If you go to Gary’s website and click on Discography you’ll see a Short List of 35 of his best known songs, in alphabetical order by recording artist. If you click on Full List, you see the names of about 170 songs. You’ll find hits and albums track (“hidden treasures” to some) by country artists such as Hal Ketchum, Patty Loveless, Randy Travis, Reba McEntire, Garth Brooks, Tanya Tucker, Ty Herndon, Faith Hill, Leann Rimes, Mary Chapin Carpenter, Gary Allan, Andy Griggs, Kathy Mattea, Lorrie Morgan, Terri Clark, Collin Raye, Doug Stone, Ricky Van Shelton, Diamond Rio, Conway Twitty, Chely Wright and many others plus pop artists Kelly Clarkson, Clay Aiken, etc . The website list does not include the current Sarah Buxton hit “Outside My Window”.
Gary appears quite frequently at Nashville’s famous Bluebird Cafe, appearing in the round with singer/songwriters like Mike Reid, Georgia Middleman, J.D. Souther and others. In addition, he performs as part of the group MelDiBurPho which is composed of songwriters Vince Melamed, Bob DiPiero, Gary and Jim Photoglo.These shows are performed on the Bluebird’s small stage and, unlike the shows in the round, includes a drummer in addition to the usual guitars and a keyboard. Gary and the Guys have been doing these great shows for about 12 years. They call themselves the oldest boy band in America and the best band you can see for $12. They really seem to be having a great time together and they can be very funny, much of the humor either self-deprecating or at the expense of one of the other guys. For the February show, the guys performed in their pj’s, an annual event closely coinciding with three of their birthdays. Supposedly Faith Hill once showed up in pj’s and bunny slippers. She was discovered while singing back-up for Gary at the Bluebird.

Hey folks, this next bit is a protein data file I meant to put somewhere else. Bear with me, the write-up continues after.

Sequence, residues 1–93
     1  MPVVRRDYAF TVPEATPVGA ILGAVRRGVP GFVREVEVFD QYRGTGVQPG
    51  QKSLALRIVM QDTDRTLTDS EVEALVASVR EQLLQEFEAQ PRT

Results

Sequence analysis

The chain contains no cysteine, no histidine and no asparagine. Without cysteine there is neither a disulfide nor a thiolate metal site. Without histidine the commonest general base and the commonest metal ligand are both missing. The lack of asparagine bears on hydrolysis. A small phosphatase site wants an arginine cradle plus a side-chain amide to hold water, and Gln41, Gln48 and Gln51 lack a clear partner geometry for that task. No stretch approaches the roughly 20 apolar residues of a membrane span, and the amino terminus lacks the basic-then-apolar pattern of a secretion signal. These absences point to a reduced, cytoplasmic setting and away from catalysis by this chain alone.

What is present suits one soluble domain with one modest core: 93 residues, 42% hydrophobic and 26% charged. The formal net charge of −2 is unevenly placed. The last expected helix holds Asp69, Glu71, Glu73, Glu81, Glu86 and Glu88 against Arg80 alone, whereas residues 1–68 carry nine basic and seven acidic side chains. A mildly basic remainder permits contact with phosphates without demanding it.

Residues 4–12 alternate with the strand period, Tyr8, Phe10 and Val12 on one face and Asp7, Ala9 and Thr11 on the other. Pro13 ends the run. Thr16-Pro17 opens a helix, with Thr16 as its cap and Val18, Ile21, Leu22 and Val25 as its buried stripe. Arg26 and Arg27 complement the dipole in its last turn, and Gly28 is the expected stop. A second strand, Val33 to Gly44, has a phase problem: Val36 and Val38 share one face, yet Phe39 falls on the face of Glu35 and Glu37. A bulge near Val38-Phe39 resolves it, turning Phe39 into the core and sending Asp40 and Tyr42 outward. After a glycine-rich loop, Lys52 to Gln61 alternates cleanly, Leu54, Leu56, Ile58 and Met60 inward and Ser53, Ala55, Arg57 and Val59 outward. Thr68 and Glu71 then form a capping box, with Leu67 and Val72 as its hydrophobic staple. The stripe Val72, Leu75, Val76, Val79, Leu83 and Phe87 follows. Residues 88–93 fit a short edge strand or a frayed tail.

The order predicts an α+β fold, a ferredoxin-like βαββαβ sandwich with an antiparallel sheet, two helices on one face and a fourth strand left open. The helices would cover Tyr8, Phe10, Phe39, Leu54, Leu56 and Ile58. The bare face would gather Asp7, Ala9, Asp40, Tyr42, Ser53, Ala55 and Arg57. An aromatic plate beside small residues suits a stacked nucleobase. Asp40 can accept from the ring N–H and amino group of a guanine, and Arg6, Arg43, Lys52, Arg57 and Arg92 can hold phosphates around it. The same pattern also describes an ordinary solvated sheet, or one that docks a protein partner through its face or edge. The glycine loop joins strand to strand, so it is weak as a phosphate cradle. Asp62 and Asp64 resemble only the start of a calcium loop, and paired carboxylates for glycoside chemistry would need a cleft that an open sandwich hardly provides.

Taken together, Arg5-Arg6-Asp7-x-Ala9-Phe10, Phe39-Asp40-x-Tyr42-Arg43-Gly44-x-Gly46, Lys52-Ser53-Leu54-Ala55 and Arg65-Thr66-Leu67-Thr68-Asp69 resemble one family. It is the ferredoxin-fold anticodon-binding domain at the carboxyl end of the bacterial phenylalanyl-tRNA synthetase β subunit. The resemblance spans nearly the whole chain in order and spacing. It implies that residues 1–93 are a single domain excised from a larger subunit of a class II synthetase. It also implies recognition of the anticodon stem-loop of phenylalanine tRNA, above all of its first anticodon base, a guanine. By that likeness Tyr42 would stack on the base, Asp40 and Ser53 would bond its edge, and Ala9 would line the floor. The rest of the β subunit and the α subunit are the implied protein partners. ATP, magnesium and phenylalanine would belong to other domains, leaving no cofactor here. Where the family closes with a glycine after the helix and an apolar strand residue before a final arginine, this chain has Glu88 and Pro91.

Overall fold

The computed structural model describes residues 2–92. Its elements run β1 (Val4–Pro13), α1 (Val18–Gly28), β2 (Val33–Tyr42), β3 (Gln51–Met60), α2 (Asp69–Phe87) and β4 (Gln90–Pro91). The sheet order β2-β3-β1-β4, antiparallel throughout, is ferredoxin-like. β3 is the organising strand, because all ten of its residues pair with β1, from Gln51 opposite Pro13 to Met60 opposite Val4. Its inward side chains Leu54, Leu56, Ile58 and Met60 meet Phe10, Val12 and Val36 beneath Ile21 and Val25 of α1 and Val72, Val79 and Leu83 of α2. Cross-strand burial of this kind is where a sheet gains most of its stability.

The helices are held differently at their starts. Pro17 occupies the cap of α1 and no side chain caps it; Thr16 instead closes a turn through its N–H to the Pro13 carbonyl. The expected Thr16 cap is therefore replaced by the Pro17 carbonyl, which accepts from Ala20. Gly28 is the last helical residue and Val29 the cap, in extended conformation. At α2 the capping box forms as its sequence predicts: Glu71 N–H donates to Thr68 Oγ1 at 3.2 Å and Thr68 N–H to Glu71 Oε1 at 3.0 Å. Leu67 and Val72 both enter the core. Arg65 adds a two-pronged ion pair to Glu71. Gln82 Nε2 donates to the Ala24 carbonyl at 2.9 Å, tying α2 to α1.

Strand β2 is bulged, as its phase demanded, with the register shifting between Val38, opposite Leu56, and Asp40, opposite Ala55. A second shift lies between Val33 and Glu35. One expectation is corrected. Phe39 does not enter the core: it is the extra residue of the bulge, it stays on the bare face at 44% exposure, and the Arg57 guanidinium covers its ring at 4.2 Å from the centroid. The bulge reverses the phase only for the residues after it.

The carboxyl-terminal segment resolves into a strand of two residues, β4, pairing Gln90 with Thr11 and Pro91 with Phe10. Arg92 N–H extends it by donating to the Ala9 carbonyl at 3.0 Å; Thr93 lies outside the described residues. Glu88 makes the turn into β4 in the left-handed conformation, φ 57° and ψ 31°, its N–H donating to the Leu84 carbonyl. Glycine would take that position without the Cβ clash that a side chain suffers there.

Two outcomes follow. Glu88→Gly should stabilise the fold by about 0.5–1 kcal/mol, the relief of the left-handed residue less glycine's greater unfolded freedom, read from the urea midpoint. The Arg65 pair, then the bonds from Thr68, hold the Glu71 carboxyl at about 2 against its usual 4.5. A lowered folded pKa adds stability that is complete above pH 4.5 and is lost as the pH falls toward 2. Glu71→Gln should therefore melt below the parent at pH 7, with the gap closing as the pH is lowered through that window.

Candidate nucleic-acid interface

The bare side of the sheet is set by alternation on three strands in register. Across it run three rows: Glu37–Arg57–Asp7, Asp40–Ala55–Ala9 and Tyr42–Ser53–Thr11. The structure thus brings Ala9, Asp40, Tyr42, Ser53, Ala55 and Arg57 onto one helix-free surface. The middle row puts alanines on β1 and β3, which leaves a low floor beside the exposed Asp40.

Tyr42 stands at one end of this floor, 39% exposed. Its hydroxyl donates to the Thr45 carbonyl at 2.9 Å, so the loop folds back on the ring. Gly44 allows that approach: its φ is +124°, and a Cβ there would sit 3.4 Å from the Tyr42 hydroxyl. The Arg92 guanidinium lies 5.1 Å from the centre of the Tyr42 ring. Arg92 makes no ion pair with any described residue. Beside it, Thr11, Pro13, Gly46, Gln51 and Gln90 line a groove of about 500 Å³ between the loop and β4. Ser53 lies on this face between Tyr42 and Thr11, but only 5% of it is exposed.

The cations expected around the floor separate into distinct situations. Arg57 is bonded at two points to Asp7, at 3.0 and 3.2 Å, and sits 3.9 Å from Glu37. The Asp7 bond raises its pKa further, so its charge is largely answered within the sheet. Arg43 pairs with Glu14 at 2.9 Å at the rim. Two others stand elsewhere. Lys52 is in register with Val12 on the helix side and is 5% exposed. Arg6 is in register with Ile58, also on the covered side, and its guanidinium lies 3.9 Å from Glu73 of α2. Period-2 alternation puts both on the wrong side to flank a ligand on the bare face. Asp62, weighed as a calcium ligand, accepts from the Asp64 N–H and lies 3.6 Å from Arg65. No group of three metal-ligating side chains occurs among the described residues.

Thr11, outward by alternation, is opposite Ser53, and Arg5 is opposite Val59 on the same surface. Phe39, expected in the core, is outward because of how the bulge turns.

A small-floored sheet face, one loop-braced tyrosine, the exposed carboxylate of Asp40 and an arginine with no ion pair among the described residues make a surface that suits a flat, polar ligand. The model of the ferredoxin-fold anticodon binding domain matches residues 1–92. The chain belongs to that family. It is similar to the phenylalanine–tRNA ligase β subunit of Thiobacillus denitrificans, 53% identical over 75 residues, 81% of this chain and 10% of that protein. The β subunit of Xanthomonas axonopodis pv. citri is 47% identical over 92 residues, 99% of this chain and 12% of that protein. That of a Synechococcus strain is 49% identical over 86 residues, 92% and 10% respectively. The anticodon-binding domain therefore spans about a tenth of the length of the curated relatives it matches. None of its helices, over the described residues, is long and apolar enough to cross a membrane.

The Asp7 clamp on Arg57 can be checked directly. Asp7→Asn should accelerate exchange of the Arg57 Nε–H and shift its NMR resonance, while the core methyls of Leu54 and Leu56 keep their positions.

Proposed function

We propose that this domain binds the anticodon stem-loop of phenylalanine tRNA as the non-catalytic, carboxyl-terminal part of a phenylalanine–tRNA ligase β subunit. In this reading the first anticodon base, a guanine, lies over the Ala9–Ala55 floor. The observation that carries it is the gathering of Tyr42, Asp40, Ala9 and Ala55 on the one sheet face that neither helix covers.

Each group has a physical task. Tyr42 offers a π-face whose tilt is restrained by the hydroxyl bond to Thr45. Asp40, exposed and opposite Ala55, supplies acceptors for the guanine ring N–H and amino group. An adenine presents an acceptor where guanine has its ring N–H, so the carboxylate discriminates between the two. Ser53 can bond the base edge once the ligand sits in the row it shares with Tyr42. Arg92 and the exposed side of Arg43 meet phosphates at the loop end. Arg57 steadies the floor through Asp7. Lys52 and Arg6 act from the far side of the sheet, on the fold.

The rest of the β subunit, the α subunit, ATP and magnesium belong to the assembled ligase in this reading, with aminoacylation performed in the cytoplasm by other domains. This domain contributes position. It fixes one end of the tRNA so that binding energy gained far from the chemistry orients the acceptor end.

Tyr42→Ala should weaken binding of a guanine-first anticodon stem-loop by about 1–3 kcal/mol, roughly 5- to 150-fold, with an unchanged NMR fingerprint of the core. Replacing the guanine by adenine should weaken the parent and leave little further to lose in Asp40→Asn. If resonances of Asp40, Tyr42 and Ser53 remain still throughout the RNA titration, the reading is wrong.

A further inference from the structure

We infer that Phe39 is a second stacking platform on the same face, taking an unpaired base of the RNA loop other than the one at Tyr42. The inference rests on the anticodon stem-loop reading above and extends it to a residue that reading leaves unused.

After seeing Mr. Burr perform twice at the Bluebird, I purchased his two cd’s from the Bluebird on-line store. Stop Me If You’ve Heard This One Before …, released in 1997, includes 18 of his best songs performed and recorded live at the Bluebird. Mariane’s includes 11 songs and was released in 2004. The list of my favorite Gary Burr written songs that follows indicates the artist and cd it appeared on and his co-writer. Many of these favorites are from his Stop Me … cd and a few from Marianne’s. (Songs that can also be found on Gary’s cds have an asterisk next to the title.)